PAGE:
The presence of the PNC positively correlates with metastatic capacity, making it a potential marker for cancer development and prognosis. These compounds could also serve as useful tools to elucidate the biology driving the formation and maintenance of the PNC, and unravel its association with metastasis.
Potential Commercial Applications
- Use in the therapeutic intervention of metastasis in cancer.
- Use as tools to elucidate the biology of the PNC.
- No existing FDA-approved treatment for the clinical management of metastasis.
- Target is specific to metastatic tumors.
- Compounds are not toxic.
- Broadly acting across all metastatic cancers.
- In vitro data available.
Inventors: Samarjit Patnaik et al. (NCATS).
Intellectual Property: HHS Reference No. E-276-2011/0 — U.S. Provisional Application No. 61/576,780 filed 16 Dec 2011.
Licensing Contact: Patrick McCue, Ph.D.; 301-435-5560; firstname.lastname@example.org.
Collaborative Research Opportunity: The National Center for Advancing Translational Sciences is seeking statements of capability or interest from parties interested in collaborative research to further develop, evaluate or commercialize this technology. For collaboration opportunities, please contact Lili M. Portilla, MPA at 301-217-2589 or Lilip@nih.gov.
Novel Radio-Labeled Agents for Imaging Alzheimer's Disease-Associated Amyloid
Description of Technology: This technology introduces novel radio-labeled agents for imaging amyloid deposits in the brains of Alzheimer's Disease patients. These are small molecule, radio-ligand compounds that are analogs of benzo[d]thiazole. They are highly specific to amyloid, have low background noise, do not undergo rapid defluoridation and do not produce residual radioactivity in the brain. In addition, the compounds are stable and may be readily synthesized from commercially available starting materials. These compounds may be used in many noninvasive imaging techniques including: magnetic resonance spectroscopy (MRS) or imaging (MRI), or positron emission tomography (PET) or single-photon emission computed tomography (SPECT) to measure amyloid. Non-invasive detection of Alzheimer's disease-associated amyloid plaques in the brain would be valuable for early diagnosis, monitoring, and for clinical development of therapeutic drugs.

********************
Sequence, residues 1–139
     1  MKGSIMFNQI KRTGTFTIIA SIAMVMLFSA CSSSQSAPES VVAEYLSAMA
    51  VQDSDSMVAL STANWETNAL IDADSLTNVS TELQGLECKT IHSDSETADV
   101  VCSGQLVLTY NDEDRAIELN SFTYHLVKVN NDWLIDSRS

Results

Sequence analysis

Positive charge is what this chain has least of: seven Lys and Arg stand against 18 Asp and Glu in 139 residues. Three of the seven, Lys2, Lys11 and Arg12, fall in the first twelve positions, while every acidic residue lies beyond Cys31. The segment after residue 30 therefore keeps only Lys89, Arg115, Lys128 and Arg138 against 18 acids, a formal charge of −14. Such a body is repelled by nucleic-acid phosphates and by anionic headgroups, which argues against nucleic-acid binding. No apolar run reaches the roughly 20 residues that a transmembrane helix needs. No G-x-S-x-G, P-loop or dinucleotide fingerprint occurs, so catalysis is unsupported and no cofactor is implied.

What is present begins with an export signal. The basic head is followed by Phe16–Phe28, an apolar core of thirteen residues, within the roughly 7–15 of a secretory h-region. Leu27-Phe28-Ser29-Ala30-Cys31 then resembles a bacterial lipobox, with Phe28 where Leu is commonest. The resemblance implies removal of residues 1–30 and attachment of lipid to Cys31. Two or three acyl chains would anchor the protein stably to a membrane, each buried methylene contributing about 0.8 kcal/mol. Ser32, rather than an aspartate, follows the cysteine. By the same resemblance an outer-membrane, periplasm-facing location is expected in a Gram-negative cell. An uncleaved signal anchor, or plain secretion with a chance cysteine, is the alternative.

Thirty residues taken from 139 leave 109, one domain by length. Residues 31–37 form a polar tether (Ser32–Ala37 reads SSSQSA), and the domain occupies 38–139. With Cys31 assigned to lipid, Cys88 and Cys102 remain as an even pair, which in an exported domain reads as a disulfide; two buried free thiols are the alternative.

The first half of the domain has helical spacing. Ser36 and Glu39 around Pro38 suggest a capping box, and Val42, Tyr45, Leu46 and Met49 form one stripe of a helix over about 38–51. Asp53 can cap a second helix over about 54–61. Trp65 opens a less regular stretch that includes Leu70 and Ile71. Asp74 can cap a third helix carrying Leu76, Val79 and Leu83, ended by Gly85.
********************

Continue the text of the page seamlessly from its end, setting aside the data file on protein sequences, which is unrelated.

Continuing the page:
Potential Commercial Applications: Imaging agents for use in magnetic resonance spectroscopy (MRS), or imaging (MRI), positron emission tomography (PET) or single-photon emission computed tomography (SPECT).
Competitive Advantages: Highly specificity to amyloid, low background, do not undergo rapid defluoridation and do not produce residual radioactivity in the brain.
Development Stage: Early-stage.
Inventors: Lisheng Cai and Victor W. Pike (NIMH).
1. Cai L, et al. Synthesis and structure-affinity relationships of new 4-(6-iodo-H-imidazo[1,2-a]pyridin-2-yl)-N-dimethylbenzeneamine derivatives as ligands for human beta-amyloid plaques. J Med Chem. 2007 Sep 20;50(19):4746-4758. [PMID 17722900].
2. Cai L, et al. Synthesis and evaluation of N-methyl and S-methyl 11C-labeled 6-methylthio-2-(4'-N,N-dimethylamino)phenylimidazo[1,2-a]pyridines as radioligands for imaging beta-amyloid plaques in Alzheimer's disease. J Med Chem. 2008 Jan 10;51(1):148-158. [PMID 18078311].
Intellectual Property: HHS Reference No. E-225-2011/0—U.S. Provisional Application No. 61/535,569 filed 16 Sep 2011.